8. Mel
    Posted June 17, 2013 at 10:26 pm | Permalink


    “I cant understand it.”

    In order to understand it, you probably need the emotional maturity of at least your average 13 year old.

    Problem solved.

  9. derrida derider
    Posted June 18, 2013 at 2:31 pm | Permalink

    Don’t be silly Henry2. If Sattler asked Bob Brown if his partner was hetero Brown would be entitled to take offence at such a simultaneously irrelevant and prurient question. I’d expect the radio station would be quick to get rid of such a gormless and incompetent journalist, especially if Brown was PM.

  10. conrad
    Posted June 18, 2013 at 2:54 pm | Permalink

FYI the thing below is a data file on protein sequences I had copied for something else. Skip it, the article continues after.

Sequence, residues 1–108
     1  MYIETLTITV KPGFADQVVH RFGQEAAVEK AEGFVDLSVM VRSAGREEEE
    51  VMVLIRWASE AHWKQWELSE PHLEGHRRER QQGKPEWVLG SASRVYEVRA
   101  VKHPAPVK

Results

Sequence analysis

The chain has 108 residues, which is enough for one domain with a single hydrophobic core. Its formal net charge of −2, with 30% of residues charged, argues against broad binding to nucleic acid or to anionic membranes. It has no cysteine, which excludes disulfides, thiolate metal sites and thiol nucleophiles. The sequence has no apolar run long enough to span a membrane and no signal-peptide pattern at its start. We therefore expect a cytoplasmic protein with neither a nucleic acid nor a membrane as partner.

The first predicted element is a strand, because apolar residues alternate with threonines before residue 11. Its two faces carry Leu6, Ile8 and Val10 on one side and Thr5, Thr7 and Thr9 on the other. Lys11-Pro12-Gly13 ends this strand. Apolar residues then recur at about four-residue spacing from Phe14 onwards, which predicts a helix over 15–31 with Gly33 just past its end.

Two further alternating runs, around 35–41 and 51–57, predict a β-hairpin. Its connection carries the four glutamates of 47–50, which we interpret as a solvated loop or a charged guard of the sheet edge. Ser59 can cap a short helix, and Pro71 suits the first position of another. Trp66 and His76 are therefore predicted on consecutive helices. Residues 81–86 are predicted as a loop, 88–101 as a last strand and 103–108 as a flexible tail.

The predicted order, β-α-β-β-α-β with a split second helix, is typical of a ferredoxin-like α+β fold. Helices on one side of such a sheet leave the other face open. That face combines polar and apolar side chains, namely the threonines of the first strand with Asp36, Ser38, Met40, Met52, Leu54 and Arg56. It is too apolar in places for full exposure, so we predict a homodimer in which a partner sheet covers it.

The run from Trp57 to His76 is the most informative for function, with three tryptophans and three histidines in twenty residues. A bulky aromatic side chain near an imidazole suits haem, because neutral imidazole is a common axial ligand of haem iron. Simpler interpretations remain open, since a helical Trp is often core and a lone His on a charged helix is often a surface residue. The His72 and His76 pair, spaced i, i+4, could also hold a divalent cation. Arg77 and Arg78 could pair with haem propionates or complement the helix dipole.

If you want an Aus example from the other side of the political spectrum and which used to happen from groups then you might remember Amanda Vanstone — whenever she used to visit universities as Education minister (or whatever it was), people use to chant “fat cow”, which I thought was pretty disgusting (I thought she was hopeless incidentally, but that doesn’t justify such chanting), and people didn’t seem to care less about it then.

  11. kvd
    Posted June 18, 2013 at 3:23 pm | Permalink

    This is not new. Helen Clark in NZ had to face the same sort of stuff.
    And I can’t be bothered to check, but I’d lay a dollar on the Thatchers also being so besmirched.

    Sattler’s question should have been “does your partner play any sort of role in your decisions of state?” And therein I think is the real difference: male politicians the world over get extra points for listening to ‘the little woman’, whereas for women, that would be absolute, utter poison.